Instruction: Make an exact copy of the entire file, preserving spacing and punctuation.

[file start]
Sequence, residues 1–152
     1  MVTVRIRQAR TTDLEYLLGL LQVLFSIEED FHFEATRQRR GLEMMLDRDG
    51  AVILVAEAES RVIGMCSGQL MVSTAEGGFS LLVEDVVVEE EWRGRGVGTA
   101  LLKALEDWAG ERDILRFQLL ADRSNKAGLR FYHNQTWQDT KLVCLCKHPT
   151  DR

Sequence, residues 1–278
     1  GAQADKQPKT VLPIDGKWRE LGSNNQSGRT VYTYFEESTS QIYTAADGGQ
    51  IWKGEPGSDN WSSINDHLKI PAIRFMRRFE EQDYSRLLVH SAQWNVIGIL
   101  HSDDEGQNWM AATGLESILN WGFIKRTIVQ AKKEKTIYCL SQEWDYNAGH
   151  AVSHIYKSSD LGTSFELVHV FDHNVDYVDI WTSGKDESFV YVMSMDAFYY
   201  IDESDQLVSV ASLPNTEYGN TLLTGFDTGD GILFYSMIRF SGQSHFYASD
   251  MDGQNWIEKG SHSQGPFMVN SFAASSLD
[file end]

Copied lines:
Sequence, residues 1–152
     1  MVTVRIRQAR TTDLEYLLGL LQVLFSIEED FHFEATRQRR GLEMMLDRDG
    51  AVILVAEAES RVIGMCSGQL MVSTAEGGFS LLVEDVVVEE EWRGRGVGTA
   101  LLKALEDWAG ERDILRFQLL ADRSNKAGLR FYHNQTWQDT KLVCLCKHPT
   151  DR

Sequence, residues 1–278
     1  GAQADKQPKT VLPIDGKWRE LGSNNQSGRT VYTYFEESTS QIYTAADGGQ
    51  IWKGEPGSDN WSSINDHLKI PAIRFMRRFE EQDYSRLLVH SAQWNVIGIL
   101  HSDDEGQNWM AATGLESILN WGFIKRTIVQ AKKEKTIYCL SQEWDYNAGH
   151  AVSHIYKSSD LGTSFELVHV FDHNVDYVDI WTSGKDESFV YVMSMDAFYY
   201  IDESDQLVSV ASLPNTEYGN TLLTGFDTGD GILFYSMIRF SGQSHFYASD
   251  MDGQNWIEKG SHSQGPFMVN SFAASSLD